Child with a chocolate bar

Child with a chocolate bar

Source: Getty Images/Westend61, Guntmar Fritz

“Nine out of ten people like chocolate, the tenth lies.” John Tullius

We all love chocolate, everyone knows that. This is indisputable and true for all time. Chocolate tastes good, smells good and makes us feel good. It can be comforting and stimulating, and when consumed in moderation, chocolate is even good for our health. Only around seven grams of chocolate a day can lower the risk of cardiovascular diseases, strokes in particular. This is a finding from a large-scale study published by the German Institute for Human Nutrition (DIfE) in 2010. If only there weren’t disadvantages associated with chocolate consumption. Not only is there the risk of weight gain due to the high sugar and fat content, but cocoa, the base element of chocolate, also contains - besides many substances with beneficial effects - unhealthy substances. For example, cadmium which is released into plants naturally from the soil can be present in cocoa, as can acrylamide which is produced when the cocoa beans are roasted. How can we tell how much of these harmful substances are present in chocolate?

What substances are in my chocolate?

Chemists Dr. Matthias Koch from the Organic Trace and Food Analysis Division and Dr. Sebastian Recknagel from the Inorganic Reference Materials Division know how this can be tested. They detect small amounts of contaminants in food and other substances. It is also advantageous for food producers and retailers to know the amount of cadmium or acrylamide present in cocoa and whether their products comply with the food regulations. On 1 January 2019, an EU regulation came into force specifying a maximum level of 0.60 miligrammes of cadmium per kilogramme of cocoa powder and maximum levels for various chocolate products. The heavy metal, cadmium, is very slowly excreted from the human body and accumulates mainly in the kidneys. This is why for many categories of food, the EU has previously made provisions for maximum levels of cadmium. Until now, there have been no limits for acrylamide in food. However, in 2018, the EU set out new guidelines and measures to minimise the content for certain foods.

Cadmium is tasteless

Consumers depend on food analyses being conducted correctly. Dr. Koch says, “In most cases, you cannot taste or smell whether or not a particular substance is present in a food product. We are talking here about very small quantities. The human tongue or nose cannot detect these. It is impossible to taste cadmium and acrylamide in chocolate.”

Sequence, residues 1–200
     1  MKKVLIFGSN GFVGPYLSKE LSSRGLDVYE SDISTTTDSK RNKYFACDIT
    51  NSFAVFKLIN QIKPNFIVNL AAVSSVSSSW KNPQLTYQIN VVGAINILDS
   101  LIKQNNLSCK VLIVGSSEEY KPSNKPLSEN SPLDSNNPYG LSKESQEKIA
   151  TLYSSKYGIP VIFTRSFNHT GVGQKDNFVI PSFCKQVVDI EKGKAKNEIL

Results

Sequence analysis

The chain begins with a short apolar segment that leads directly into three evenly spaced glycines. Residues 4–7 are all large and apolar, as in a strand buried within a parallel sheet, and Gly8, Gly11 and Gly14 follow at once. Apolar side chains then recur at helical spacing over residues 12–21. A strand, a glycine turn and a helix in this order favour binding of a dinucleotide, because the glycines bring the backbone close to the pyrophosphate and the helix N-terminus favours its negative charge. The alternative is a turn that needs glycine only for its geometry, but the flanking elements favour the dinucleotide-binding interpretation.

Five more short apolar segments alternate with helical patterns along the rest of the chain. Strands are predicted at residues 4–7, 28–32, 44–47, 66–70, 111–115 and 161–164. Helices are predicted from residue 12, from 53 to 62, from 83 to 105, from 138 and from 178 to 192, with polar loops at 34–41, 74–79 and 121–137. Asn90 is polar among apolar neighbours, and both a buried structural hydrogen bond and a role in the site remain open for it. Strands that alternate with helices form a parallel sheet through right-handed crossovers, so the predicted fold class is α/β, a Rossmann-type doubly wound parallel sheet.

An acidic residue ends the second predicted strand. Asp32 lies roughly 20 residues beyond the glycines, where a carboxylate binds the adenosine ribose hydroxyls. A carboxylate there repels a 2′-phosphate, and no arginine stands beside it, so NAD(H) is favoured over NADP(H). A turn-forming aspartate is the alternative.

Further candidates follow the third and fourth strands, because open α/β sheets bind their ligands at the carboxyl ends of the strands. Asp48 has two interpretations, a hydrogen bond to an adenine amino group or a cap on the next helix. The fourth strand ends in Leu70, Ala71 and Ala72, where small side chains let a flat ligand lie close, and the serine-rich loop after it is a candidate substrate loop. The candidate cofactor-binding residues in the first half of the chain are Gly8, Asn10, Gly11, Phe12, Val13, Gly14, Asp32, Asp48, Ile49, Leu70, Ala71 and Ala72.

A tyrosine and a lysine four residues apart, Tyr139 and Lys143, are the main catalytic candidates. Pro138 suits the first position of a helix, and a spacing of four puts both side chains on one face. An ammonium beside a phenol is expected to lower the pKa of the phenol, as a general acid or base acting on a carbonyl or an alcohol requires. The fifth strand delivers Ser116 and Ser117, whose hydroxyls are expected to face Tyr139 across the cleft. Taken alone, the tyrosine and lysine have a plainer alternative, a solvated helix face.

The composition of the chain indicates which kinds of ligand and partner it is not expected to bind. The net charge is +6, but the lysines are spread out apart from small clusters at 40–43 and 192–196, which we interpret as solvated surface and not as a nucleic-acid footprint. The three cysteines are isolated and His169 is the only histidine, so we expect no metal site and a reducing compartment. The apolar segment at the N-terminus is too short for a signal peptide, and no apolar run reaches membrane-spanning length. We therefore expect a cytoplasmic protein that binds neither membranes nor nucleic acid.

Sometimes the experts cannot easily determine the presence of a particular harmful substance in a sample and whether the value is too high. In the laboratory, they must first ensure that the analytics are suitable for the detection of subtle differences. For this purpose, a legally prescribed value is required, which aims to protect the consumer and make food safe, in addition to the valid calibration standards, analytical methods and appropriate reference materials. The chemists must ensure that the instruments display precisely, that the chemicals are faultless, and the procedure is carried out accurately. In short, their analytics must be suitable for carrying out measurements correctly. Reference materials contain particular substances in precisely defined quantities, and they can serve as a comparison in measurements and, therefore, as quality control. This is what makes them significant for manufacturers and testing laboratories alike. Dr. Koch says, “It is as if I were checking that my folding rule is displaying accurately. To do this, I need a comparison.”

BAM develops new reference materials

Reference materials for cadmium and acrylamide in cocoa powder have previously not been available on the market. That is why BAM is now developing three new reference materials. The certified cadmium levels will be close to the EU maximum levels, as well as above and below them. The new materials will also trace defined acrylamide contents. Chemists at BAM will use products with a natural strain of cadmium and acrylamide as a starting material for their development.

Savour chocolate without hesitation

Consumers will not notice anything. And BAM is making a small contribution to ensuring that they can continue to enjoy their chocolate in the future.